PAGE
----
In the hands on an experienced parathyroid surgeon, the procedure is very safe, however, all surgery carries risk. Some risks are common to any surgery such as infection, pneumonia, or blood clots in the legs or lungs. However, these are very rare after parathyroidectomy. Risks specific to parathyroid surgery you should be aware of include the following:
Conversion to Four Gland Exploration
Even if the pre-operative scans located the overactive parathyroid gland and you are having minimally invasive parathyroidectomy, they are occasionally incorrect or it proves difficult to find the abnormal gland during surgery. Because of this, we might need to make the cut a little longer and check all four parathyroid glands to ensure we find the problem. The chances of needing to do this are about 5%. If the abnormal parathyroid gland still cannot be found, we occasionally need to remove half of the thyroid and the thymus, since parathyroid adenomas can be hidden in either location.
The surgery may not cure primary hyperparathyroidism in up 2-5% of patients. The most common reason is another enlarged parathyroid that was not seen on the scans. In this situation, a second operation may be recommended to find any residual abnormal parathyroid glands.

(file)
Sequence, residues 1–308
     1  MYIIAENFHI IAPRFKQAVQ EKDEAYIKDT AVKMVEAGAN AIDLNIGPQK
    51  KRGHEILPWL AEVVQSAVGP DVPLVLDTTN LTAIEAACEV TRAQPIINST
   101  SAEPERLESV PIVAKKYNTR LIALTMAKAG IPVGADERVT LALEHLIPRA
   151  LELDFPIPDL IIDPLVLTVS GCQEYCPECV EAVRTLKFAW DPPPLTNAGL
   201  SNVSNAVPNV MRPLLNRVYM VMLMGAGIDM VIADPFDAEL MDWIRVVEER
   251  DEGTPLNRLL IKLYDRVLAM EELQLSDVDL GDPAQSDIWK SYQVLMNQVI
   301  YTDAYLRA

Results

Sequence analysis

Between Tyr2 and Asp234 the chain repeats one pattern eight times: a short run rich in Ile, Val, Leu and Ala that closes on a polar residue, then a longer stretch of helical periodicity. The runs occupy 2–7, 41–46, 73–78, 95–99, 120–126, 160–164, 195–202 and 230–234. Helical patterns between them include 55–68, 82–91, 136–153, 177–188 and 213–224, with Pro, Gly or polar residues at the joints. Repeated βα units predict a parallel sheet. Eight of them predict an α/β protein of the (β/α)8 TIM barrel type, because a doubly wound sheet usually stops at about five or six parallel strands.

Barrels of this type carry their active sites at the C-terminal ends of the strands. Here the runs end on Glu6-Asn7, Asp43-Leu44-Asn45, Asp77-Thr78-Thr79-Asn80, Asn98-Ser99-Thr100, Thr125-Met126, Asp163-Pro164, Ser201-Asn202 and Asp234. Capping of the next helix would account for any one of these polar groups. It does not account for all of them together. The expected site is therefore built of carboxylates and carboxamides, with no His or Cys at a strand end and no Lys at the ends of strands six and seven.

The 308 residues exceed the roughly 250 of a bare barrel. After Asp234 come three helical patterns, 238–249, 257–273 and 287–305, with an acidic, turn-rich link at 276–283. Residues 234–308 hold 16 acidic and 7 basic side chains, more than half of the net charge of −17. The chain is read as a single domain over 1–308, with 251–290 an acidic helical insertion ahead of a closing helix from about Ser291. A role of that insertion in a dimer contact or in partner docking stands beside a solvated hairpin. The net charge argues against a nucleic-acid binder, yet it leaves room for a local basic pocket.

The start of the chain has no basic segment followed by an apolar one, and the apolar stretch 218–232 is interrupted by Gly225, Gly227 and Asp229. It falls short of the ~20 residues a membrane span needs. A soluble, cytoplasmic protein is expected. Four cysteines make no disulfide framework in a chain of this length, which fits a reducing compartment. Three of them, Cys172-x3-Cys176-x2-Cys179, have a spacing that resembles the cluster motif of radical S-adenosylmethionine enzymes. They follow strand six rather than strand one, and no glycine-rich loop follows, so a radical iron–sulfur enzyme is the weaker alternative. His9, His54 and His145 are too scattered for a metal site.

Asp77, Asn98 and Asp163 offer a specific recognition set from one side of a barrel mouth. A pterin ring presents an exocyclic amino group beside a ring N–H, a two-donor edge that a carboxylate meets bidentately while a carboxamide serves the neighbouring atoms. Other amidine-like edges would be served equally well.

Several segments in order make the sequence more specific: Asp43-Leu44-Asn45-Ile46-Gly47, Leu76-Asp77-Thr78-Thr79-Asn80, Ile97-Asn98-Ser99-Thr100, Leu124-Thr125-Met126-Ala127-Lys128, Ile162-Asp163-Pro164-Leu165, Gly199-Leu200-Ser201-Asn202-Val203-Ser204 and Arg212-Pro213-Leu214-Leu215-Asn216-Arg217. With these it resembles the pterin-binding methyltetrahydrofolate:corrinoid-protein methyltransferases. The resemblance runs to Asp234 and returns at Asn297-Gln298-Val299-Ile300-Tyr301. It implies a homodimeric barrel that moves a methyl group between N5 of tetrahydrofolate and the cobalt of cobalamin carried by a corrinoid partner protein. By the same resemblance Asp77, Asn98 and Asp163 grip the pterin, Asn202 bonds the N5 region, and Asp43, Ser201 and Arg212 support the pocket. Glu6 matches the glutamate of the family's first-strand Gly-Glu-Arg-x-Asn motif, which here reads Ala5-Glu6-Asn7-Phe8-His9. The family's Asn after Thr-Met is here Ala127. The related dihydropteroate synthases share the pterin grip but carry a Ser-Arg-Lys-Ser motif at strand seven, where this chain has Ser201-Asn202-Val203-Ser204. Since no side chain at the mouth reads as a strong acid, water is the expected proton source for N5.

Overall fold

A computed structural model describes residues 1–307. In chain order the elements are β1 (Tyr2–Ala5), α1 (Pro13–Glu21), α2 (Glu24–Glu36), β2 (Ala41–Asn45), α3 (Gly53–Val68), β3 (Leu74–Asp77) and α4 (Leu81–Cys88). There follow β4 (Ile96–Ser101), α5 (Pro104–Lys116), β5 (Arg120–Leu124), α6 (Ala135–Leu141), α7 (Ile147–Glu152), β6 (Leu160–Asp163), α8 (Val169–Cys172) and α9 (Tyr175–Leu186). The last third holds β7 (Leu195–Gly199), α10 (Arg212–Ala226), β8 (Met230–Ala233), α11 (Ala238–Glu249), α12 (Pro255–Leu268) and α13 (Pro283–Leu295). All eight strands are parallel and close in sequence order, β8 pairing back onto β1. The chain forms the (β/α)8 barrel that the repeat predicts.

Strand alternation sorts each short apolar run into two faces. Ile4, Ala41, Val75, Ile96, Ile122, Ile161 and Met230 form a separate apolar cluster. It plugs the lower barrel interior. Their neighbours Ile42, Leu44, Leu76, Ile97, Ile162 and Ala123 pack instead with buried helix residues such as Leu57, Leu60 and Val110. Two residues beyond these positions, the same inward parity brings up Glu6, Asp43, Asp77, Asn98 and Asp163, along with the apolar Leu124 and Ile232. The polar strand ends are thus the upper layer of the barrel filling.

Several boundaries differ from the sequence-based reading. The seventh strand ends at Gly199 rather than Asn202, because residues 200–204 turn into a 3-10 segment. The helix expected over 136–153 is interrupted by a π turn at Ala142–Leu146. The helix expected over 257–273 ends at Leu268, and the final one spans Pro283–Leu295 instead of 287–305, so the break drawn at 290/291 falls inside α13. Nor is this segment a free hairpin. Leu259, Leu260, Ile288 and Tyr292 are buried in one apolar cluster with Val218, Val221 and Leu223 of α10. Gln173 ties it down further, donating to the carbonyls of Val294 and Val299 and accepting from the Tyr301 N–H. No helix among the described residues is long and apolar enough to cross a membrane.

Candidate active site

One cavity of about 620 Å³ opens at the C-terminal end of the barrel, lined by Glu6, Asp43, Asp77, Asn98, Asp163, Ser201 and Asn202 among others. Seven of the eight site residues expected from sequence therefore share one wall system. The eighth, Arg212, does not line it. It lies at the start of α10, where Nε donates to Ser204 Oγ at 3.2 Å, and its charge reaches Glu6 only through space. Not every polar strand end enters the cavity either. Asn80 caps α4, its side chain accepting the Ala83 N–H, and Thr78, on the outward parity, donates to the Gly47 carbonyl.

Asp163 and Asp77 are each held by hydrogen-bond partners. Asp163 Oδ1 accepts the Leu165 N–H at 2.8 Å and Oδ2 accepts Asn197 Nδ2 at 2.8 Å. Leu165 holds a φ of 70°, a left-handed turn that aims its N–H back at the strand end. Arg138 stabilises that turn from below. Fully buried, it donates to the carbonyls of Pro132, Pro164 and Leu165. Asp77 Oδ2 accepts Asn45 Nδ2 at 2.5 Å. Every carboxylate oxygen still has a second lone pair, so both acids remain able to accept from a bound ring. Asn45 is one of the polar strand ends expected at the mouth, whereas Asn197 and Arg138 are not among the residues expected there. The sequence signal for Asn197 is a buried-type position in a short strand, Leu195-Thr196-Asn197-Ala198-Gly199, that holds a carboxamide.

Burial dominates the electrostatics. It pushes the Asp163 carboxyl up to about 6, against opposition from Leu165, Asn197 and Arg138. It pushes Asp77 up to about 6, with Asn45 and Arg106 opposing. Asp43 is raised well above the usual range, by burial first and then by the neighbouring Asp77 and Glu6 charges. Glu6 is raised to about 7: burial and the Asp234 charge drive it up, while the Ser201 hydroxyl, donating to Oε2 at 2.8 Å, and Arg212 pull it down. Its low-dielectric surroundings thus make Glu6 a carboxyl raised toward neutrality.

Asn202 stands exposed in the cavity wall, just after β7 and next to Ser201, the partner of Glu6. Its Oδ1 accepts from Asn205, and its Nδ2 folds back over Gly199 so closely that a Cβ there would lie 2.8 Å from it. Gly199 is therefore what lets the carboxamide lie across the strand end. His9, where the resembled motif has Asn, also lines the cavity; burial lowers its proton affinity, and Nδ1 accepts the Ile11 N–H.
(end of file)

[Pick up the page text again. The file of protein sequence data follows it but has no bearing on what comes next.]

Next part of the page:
This is rare (<0.5%) after parathyroidectomy but even a small amount of blood collecting around the throat can cause breathing problems and be an emergency. If this happens, it may be necessary to have a second operation to remove the blood.
The nerves to the voice box (recurrent laryngeal nerves) run next to the parathyroid glands in the neck. A/Professor Ebrahimi uses a special nerve monitor during thyroid surgery with a neuromonitor and neurostimulator to ensure all the nerves are identified and kept safe.